By Paula Rosenblum, managing partner, RSR Research
For the fifth consecutive year, RSR Research conducted a benchmark study of retailers’ merchandising tools and techniques. There is no doubt that the core of merchandise operations has changed. Specifically, optimization tools and techniques can infuse the entire merchandise life cycle, with intelligence and analytics we used to only dream about. These techniques include forecasting; assortment optimization, integrated merchandise planning, allocation and replenishment; promotion optimization; and life cycle price optimization. While merchants have known for some time that these tools are extremely important for their retailing success, understanding of how they work has lagged. Fortunately, overall, retailers’ knowledge of these advancements has improved.
Key findings include:
• While out of stocks and inventory performance remain top-of-mind, particularly for large retailers and those who sell fast moving goods, retailers’ concerns about understanding customer preferences, and their own ability to respond to those preferences with new ideas about pricing and promotions, have become their top business challenges.
• 34 percent of all respondents plan to optimize their assortments against new key customer segments in the coming year. Another 24 percent plan to include initial price optimization in their processes in 2013, and 22 percent will incorporate promotion optimization.
• Winners continue to enjoy gross margin improvements, but laggards are feeling the pain of over promotion and inventory imbalances.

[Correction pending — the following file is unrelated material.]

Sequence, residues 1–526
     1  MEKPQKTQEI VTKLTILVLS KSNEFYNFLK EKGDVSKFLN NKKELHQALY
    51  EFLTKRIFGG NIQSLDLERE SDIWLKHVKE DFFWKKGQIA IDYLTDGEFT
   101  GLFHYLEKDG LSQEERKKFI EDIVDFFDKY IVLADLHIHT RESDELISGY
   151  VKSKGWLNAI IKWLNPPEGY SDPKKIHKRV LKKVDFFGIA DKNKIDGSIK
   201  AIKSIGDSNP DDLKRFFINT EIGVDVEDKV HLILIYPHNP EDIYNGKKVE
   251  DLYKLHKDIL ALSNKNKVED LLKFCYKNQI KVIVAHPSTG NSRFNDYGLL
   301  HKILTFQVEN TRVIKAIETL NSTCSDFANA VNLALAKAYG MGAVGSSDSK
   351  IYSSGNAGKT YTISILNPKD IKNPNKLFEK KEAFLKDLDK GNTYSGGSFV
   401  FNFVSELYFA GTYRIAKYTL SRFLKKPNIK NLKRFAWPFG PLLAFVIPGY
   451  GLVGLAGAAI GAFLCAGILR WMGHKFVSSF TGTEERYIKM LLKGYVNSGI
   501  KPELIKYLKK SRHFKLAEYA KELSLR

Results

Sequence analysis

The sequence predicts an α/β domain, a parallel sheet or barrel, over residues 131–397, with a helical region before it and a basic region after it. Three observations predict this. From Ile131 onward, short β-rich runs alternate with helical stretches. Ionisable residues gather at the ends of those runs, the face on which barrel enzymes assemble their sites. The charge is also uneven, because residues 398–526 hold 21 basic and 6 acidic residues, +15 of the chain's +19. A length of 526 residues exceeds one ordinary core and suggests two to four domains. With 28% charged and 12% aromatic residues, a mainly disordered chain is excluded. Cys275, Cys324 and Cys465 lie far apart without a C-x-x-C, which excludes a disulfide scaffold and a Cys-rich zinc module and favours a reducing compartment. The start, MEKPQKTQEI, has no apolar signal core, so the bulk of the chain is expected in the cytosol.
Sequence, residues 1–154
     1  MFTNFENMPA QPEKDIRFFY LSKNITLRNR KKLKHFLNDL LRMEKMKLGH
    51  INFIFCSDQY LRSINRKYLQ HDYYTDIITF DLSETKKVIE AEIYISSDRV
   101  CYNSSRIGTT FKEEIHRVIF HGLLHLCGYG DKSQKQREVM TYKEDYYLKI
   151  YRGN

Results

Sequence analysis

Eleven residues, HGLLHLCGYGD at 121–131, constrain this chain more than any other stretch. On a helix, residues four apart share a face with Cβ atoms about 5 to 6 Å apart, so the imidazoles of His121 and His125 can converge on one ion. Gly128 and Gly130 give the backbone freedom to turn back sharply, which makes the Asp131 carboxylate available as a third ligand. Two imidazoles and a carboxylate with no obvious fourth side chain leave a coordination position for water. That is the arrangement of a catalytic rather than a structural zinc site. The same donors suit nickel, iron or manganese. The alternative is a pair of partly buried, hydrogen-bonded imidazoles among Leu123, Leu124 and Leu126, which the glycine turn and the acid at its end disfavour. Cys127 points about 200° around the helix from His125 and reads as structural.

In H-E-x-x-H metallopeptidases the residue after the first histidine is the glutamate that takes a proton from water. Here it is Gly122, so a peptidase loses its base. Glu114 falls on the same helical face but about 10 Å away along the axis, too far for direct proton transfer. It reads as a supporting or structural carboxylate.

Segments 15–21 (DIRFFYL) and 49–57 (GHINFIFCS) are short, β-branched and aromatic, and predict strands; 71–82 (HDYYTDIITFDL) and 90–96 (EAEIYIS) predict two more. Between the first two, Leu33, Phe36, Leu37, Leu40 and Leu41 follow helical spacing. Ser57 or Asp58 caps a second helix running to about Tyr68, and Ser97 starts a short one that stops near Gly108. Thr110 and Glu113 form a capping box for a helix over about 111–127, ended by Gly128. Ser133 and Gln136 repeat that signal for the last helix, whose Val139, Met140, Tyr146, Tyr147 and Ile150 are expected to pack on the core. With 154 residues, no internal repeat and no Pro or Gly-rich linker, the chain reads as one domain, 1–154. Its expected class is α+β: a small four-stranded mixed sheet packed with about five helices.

Of retailers in the mid market (those with annual revenue of $50 to $999 million), only a third report a solid understanding of most of the tools and techniques above, with the exception of forecasting, where they still lagged all other respondents, 50 percent vs. 75 percent, respectively. Lack of understanding translates into a dearth of technology adoption plans. The mid market lags in adoption of most modern merchandising tools, specifically:
Assortment optimization technologies:
Only mid market retailers have yet to budget for something to improve their assortment. While 33 percent report they have plans, there are no budgets in place. Without budget, there can be a two year lag time to implementation at minimum.
Even as this technology becomes a mainstay in the retail enterprise, almost a third of mid market retailers report no plans to implement at all.
Market basket analytics:
No mid market retailers report use of this technology, while 51 percent of the largest and 44 percent of the smallest retailers report the technology has been implemented.
58 percent have no plans to use this technique. This lags all other retailers significantly.
69 percent have no plans to use this tool.
Over the past few years, the mid market has proven nimble enough to outperform its larger brethren. In the race to keep up with an erratic economy and very large competitors, these retailers may be setting themselves up to fall behind. Retail is not about technology; it remains about helping customers find the solution they need for their needs at a particular point in time. But with over educated consumers and large retailers gaining agility through sophisticated forecasting and optimization technologies, it’s incumbent on the mid market to elevate their game.